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The autonomic nervous system (ANS) regulates the functions of our internal organs (the viscera) such as the heart, stomach and intestines. The ANS is part of the peripheral nervous system and it also controls some of the muscles within the body. We are often unaware of the ANS because it functions involuntary and reflexively. For example, we do not notice when blood vessels change size or when our heart beats faster. However, some people can be trained to control some functions of the ANS such as heart rate or blood pressure.
The ANS is most important in two situations:
The ANS regulates:
-- in the skin (around hair follicles; smooth muscle
-- around blood vessels (smooth muscle)
-- in the eye (the iris; smooth muscle)
-- in the stomach, intestines and bladder (smooth muscle)
-- of the heart (cardiac muscle)
The ANS is divided into three parts:
It is a nice, sunny day...you are taking a nice walk in the park. Suddenly, an angry bear appears in your path. Do you stay and fight OR do you turn and run away? These are "Fight or Flight" responses. In these types of situations, your sympathetic nervous system is called into action - it uses energy - your blood pressure increases, your heart beats faster, and digestion slows down.
Notice in the picture on the left that the sympathetic nervous system originates in the spinal cord. Specifically, the cell bodies of the first neuron (the preganglionic neuron) are located in the thoracic and lumbar spinal cord. Axons from these neurons project to a chain of ganglia located near the spinal cord. In most cases, this neuron makes a synapse with another neuron (post-ganglionic neuron) in the ganglion. A few preganglionic neurons go to other ganglia outside of the sympathetic chain and synapse there. The post-ganglionic neuron then projects to the "target" - either a muscle or a gland.
Two more facts about the sympathetic nervous system: the synapse in the sympathetic ganglion uses acetylcholine as a neurotransmitter; the synapse of the post-ganglionic neuron with the target organ uses the neurotransmitter called norepinephrine. (Of course, there is one exception: the sympathetic post-ganglionic neuron that terminates on the sweat glands uses acetylcholine.)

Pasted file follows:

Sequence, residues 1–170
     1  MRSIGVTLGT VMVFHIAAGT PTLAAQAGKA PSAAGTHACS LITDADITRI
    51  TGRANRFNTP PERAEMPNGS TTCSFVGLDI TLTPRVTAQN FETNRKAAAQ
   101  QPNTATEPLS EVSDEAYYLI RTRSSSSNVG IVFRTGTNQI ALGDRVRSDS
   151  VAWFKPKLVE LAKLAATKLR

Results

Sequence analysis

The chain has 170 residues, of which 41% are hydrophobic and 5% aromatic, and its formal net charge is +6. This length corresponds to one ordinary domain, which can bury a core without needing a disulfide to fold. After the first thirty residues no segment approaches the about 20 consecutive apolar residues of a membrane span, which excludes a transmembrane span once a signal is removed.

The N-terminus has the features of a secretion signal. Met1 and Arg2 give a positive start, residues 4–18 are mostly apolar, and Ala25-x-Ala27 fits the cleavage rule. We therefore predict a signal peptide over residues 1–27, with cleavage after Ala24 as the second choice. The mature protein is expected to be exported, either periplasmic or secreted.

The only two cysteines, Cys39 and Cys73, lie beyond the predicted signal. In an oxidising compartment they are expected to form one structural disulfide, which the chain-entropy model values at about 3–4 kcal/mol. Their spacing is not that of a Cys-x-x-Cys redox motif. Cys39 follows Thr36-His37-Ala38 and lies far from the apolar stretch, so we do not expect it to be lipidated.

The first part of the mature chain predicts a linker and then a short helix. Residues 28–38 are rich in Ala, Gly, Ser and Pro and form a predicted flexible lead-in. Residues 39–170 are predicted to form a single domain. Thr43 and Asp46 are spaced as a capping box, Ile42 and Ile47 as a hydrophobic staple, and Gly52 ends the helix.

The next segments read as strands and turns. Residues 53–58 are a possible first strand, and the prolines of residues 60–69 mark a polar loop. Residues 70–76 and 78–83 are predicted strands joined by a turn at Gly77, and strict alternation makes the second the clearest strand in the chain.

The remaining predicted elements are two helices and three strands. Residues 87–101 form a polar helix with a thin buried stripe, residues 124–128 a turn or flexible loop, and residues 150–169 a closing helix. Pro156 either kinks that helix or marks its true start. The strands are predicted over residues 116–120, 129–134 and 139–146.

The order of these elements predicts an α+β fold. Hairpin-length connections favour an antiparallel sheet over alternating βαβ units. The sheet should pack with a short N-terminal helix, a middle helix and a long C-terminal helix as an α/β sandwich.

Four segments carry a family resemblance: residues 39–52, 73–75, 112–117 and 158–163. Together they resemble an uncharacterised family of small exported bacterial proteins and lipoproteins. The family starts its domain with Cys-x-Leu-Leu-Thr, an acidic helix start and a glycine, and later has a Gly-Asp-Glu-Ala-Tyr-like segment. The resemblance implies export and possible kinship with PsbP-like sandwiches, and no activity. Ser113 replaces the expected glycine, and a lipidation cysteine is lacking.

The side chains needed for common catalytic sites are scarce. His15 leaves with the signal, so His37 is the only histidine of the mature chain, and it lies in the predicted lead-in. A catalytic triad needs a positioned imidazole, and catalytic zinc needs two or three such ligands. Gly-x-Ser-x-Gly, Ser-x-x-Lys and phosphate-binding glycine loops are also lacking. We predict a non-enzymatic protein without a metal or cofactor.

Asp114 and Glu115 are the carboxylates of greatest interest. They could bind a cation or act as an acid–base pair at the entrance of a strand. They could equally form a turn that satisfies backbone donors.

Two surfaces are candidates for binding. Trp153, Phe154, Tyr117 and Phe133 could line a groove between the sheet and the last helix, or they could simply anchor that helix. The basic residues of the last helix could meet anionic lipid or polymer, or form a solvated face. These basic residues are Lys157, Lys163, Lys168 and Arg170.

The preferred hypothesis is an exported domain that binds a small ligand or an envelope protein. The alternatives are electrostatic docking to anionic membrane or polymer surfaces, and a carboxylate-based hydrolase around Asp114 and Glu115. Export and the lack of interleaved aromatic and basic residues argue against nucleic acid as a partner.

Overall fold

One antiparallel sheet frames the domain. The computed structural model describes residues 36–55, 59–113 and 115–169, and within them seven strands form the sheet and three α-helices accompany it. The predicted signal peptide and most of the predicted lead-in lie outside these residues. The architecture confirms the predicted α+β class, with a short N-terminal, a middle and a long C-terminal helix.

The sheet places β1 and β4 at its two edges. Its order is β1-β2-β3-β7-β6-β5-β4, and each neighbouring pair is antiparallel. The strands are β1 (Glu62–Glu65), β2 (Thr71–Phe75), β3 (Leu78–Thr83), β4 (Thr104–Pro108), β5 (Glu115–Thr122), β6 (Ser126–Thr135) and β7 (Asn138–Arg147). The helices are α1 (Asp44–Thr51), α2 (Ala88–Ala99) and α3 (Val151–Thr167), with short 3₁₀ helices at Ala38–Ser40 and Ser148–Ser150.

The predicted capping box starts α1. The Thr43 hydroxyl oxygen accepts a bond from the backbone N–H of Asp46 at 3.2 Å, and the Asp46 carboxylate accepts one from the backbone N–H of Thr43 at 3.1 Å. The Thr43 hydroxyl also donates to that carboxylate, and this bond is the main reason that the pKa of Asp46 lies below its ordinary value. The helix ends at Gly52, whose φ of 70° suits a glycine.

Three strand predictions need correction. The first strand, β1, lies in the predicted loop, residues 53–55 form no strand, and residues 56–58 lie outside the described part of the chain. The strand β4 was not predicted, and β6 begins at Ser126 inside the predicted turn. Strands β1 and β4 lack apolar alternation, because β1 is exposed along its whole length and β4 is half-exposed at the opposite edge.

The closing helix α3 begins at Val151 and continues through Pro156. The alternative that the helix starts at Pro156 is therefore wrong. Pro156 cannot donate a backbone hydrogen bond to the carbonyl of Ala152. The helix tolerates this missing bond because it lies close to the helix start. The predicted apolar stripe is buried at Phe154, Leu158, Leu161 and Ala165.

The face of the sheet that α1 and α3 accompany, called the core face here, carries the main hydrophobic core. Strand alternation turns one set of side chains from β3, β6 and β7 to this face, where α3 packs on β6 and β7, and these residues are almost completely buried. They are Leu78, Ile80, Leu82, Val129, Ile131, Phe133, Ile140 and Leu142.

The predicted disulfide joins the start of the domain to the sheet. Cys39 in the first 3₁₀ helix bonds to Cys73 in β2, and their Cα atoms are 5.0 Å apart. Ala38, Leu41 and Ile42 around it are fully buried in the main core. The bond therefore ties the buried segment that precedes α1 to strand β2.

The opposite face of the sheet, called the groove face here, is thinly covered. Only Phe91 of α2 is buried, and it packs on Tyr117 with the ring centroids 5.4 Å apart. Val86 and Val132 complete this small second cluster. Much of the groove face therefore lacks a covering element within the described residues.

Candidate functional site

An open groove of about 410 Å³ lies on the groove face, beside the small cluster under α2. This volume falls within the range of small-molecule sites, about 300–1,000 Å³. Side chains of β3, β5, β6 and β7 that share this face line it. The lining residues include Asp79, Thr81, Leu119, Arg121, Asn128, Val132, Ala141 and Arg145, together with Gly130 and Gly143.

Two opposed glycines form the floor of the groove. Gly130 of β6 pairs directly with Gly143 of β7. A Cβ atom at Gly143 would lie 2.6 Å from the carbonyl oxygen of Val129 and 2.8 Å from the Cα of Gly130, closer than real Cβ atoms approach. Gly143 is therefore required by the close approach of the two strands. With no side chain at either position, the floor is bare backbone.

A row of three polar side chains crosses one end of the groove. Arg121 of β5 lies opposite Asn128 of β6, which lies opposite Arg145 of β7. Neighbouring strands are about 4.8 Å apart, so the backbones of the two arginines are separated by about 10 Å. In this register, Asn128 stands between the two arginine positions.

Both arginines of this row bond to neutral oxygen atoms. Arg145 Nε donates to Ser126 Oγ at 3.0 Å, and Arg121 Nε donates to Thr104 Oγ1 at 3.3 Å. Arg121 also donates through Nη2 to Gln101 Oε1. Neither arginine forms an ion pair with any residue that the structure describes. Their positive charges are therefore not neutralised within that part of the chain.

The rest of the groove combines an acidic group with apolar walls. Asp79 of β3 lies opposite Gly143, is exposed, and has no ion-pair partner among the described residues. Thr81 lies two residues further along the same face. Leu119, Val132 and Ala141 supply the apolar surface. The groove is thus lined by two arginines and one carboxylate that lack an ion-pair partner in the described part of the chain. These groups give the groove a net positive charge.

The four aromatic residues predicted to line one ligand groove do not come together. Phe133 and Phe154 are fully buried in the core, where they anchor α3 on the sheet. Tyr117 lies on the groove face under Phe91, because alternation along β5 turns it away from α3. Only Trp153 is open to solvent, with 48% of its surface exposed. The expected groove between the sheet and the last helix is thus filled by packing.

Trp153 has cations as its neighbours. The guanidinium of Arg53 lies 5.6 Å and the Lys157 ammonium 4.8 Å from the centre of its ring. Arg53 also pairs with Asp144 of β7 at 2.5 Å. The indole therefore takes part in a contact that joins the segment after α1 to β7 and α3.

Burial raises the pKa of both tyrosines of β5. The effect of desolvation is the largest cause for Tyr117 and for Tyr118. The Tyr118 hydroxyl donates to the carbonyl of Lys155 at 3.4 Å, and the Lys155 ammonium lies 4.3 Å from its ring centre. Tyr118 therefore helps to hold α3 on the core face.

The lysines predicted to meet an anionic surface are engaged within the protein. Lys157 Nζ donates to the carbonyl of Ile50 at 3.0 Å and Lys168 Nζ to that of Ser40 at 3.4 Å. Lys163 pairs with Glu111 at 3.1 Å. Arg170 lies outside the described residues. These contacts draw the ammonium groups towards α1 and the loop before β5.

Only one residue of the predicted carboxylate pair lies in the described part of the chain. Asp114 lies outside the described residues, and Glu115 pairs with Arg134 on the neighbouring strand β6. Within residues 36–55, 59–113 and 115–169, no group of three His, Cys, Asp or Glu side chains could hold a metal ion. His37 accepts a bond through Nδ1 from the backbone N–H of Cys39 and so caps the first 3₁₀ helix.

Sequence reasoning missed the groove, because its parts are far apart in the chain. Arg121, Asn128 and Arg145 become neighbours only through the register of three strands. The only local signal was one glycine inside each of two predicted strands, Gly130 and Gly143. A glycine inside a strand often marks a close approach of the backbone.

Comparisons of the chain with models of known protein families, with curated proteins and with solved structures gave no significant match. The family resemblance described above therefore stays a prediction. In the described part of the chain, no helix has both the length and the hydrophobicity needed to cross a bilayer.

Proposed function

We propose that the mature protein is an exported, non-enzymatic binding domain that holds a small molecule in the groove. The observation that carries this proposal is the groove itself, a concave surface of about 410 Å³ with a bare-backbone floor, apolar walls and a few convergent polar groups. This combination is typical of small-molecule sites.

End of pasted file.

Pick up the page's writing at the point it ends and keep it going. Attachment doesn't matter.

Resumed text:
It is a nice, sunny day...you are taking a nice walk in the park. This time, however, you decide to relax in comfortable chair that you have brought along. This calls for "Rest and Digest" responses. Now is the time for the parasympathetic nervous to work to save energy. This is when blood pressure can decrease, pulse rate can slow, and digestion can start.
Notice in the picture on the left, that the cell bodies of the parasympathetic nervous system are located in the spinal cord (sacral region) and in the medulla. In the medulla, the cranial nerves III, VII, IX and X form the preganglionic parasympathetic fibers. The preganglionic fiber from the medulla or spinal cord projects to ganglia very close to the target organ and makes a synapse. This synapse uses the neurotransmitter called acetylcholine. From this ganglion, the post-ganglionic neuron projects to the target organ and uses acetylcholine again at its terminal.
Here is a summary of some of the effects of sympathetic and parasympathetic stimulation. Notice that effects are generally in opposition to each other.
Autonomic Nervous System
|Structure||Sympathetic Stimulation||Parasympathetic Stimulation|
|Iris (eye muscle)||Pupil dilation||Pupil constriction|
|Salivary Glands||Saliva production reduced||Saliva production increased|
|Oral/Nasal Mucosa||Mucus production reduced||Mucus production increased|
|Heart||Heart rate and force increased||Heart rate and force decreased|
|Lung||Bronchial muscle relaxed||Bronchial muscle contracted|
|Stomach||Peristalsis reduced||Gastric juice secreted; motility increased|
|Small Intestine||Motility reduced||Digestion increased|
|Large Intestine||Motility reduced||Secretions and motility increased|
glycogen to glucose
|Kidney||Decreased urine secretion||Increased urine secretion|
|Adrenal medulla||Norepinephrine and|
It should be noted that the autonomic nervous system is always working. It is NOT only active during "fight or flight" or "rest and digest" situations. Rather, the autonomic nervous system acts to maintain normal internal functions and works with the somatic nervous system.
The enteric nervous system is a third division of the autonomic nervous system that you do not hear much about. The enteric nervous system is a meshwork of nerve fibers that innervate the viscera (gastrointestinal tract, pancreas, and gall bladder).
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Copyright © 1996-2011, Eric H. Chudler, University of Washington